Virchow's triad

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Virchow's triad

Virchow's triad or the triad of Virchow (/ˈfɪrk/) describes the three broad categories of factors that are thought to contribute to thrombosis.[1]

It is named after the eminent German physician Rudolf Virchow (1821-1902). However, the elements comprising Virchow's triad were neither proposed by Virchow, nor did he ever suggest a triad to describe the pathogenesis of venous thrombosis. In fact, it was decades following Virchow's death before a consensus was reached proposing that thrombosis is the result of alterations in blood flow, vascular endothelial injury, or alterations in the constitution of the blood. Still, the modern understanding of the factors leading to embolism is similar to the description provided by Virchow. Its nebulous origins notwithstanding, Virchow's triad remains a useful concept for clinicians and pathologists alike in understanding the contributors to thrombosis.[2]

The triad[edit]

The triad consists of three components:

Virchow's[3] Modern Notes
Phenomena of interrupted blood-flow Stasis [4] The first category, alterations in normal blood flow, refers to several situations. These include venous stasis, mitral stenosis, prolonged immobility (as on a long plane or car ride, bed bound during hospitalization) and varicose veins. The equivalence of Virchow's version and the modern version has been disputed.[5]
Phenomena associated with irritation of the vessel and its vicinity Endothelial injury or vessel wall injury The second category, injuries and/or trauma to endothelium includes vessel piercings and damages arising from shear stress or hypertension. This category is ruled by surface phenomena and contact with procoagulant surfaces, such as bacteria, shards of foreign materials, biomaterials of implants or medical devices, membranes of activated platelets, and membranes of monocytes in chronic inflammation.
Phenomena of blood-coagulation Hypercoagulability The last category, alterations in the constitution of blood,[6] has numerous possible risk factors such as hyperviscosity, deficiency of antithrombin III, protein C or S deficiency, Leiden V factor, nephrotic syndrome, changes after severe trauma or burn, disseminated cancer, late pregnancy and delivery, race, advanced age, cigarette smoking, hormonal contraceptives, and obesity. All of these risk factors can cause the situation called hypercoagulability (excessively easy clotting of blood).

History[edit]

The origin of the term "Virchow's Triad" is of historical interest, and has been subject to reinterpretation in recent years.[7] While both Virchow's and the modern triads describe thrombosis, the previous triad has been characterized as "the consequences of thrombosis", and the modern triad as "the causes of thrombosis".[8]

Rudolf Virchow elucidated the etiology of pulmonary embolism, whereby thrombi occurring within the veins, particularly those of the extremities, become dislodged and migrate to the pulmonary vasculature. He published his description in 1856 [9] In detailing the pathophysiology surrounding pulmonary embolism, he alluded to many of the factors known to contribute to venous thrombosis. While these factors had already been previously established in the medical literature by others,[10][11] for unclear reasons they ultimately became known as Virchow's triad. This eponym did not emerge in the literature until long after Virchow's death. One estimate of the first use of the phrase dates it to the early 1950s.[3]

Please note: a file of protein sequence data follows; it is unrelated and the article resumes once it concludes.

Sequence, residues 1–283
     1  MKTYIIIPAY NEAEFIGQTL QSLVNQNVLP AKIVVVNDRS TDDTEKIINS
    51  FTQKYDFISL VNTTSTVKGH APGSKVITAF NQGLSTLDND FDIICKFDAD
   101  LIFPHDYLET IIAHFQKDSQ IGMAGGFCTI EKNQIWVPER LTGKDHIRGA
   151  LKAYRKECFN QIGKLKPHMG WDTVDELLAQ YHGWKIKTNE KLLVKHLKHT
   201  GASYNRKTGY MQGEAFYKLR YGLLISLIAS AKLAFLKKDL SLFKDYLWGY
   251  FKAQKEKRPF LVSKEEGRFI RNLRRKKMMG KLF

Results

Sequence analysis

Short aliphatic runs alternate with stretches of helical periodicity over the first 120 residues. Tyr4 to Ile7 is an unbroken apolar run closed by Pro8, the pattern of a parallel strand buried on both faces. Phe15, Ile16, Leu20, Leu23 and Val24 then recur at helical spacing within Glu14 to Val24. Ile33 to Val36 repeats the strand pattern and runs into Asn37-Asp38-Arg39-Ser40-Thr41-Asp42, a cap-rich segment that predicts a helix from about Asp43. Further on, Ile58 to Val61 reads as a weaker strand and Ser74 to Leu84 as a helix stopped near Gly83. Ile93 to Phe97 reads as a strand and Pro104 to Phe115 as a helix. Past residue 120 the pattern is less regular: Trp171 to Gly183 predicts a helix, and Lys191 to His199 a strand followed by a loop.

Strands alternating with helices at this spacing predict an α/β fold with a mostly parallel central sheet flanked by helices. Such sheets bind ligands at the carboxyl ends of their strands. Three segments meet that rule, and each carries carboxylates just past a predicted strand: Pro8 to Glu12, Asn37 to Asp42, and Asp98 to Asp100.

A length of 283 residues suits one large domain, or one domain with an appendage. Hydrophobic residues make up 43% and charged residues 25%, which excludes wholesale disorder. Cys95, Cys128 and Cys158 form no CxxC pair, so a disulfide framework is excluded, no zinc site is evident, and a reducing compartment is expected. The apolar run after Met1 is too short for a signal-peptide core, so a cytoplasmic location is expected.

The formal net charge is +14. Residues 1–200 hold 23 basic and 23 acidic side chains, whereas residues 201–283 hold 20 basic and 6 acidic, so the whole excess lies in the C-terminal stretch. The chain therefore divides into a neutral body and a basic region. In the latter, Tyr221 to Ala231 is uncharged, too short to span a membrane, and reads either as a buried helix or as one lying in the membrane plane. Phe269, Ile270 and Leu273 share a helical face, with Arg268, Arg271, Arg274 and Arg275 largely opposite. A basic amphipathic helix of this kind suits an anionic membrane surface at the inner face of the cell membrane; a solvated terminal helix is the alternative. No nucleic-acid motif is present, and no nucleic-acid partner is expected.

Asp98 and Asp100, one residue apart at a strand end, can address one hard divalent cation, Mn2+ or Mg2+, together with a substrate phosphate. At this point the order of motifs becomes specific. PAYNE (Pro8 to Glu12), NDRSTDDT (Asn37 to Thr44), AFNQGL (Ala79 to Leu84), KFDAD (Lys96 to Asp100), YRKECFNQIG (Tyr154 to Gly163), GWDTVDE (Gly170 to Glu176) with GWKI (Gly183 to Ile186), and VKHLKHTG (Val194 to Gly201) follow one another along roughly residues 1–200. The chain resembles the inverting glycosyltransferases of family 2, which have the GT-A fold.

Although the concept of the triad is usually attributed to Virchow, he did not include endothelial injury in his description.[12] This has been attributed to a dispute Virchow had with Jean Cruveilhier, who considered local trauma of primary importance in the development of pulmonary artery thrombosis.[13][14]

References[edit]

  1. ^ April Wang Armstrong; David E. Golan; Armen H. Tashjian; Ehrin Armstrong (2008). Principles of pharmacology: the pathophysiologic basis of drug therapy. Philadelphia: Wolters Kluwer Health/Lippincott Williams & Wilkins. p. 396. ISBN 0-7817-8355-0. 
  2. ^ Bagot CN, Arya R (October 2008). "Virchow and his triad: a question of attribution". Br. J. Haematol. 143 (2): 180–90. doi:10.1111/j.1365-2141.2008.07323.x. PMID 18783400. 
  3. ^ a b Malone, P. Colm, Agutter, Paul S. (2008). The Aetiology of Deep Venous Thrombosis: A Critical, Historical and Epistemological Survey. Berlin: Springer. p. 84. ISBN 1-4020-6649-X. 
  4. ^ Lowe GD (2003). "Virchow's triad revisited: abnormal flow". Pathophysiol. Haemost. Thromb. 33 (5-6): 455–7. doi:10.1159/000083845. PMID 15692260. 
  5. ^ "Further reflections on Virchow's triad. - Free Online Library". Retrieved 2009-02-10. 
  6. ^ Chung I, Lip GY (2003). "Virchow's triad revisited: blood constituents". Pathophysiol. Haemost. Thromb. 33 (5-6): 449–54. doi:10.1159/000083844. PMID 15692259. 
  7. ^ Dickson, B.C. (2004). "Venous thrombosis: on the history of Virchow’s triad". University of Toronto Medical Journal 81: 166–171. 
  8. ^ "Response: further reflections on Virchow's Triad. - Free Online Library". Retrieved 2009-02-10. 
  9. ^ Virchow, R. (1856). "Thrombose und Embolie. Gefässentzündung und septische Infektion". Gesammelte Abhandlungen zur wissenschaftlichen Medicin (in German). Frankfurt am Main: Von Meidinger & Sohn. pp. 219–732. Matzdorff AC, Bell WR (1998). Thrombosis and embolie (1846-1856). Canton, Massachusetts: Science History Publications. ISBN 0-88135-113-X. 
  10. ^ "Virchow's triad? - Free Online Library". Retrieved 2009-02-10. 
  11. ^ Wiseman R. Several Chirurgical Treatises. 2nd ed. London, Norton and Macock, 1686, pp. 64-66.
  12. ^ synd/1223 at Who Named It?
  13. ^ "Virchow's triad revisited. - Free Online Library". Retrieved 2009-02-10. 
  14. ^ Aschoff L. Thrombosis, in Lectures on Pathology. New York, Paul B. Hoeber, Inc., 1924, pp 253-278.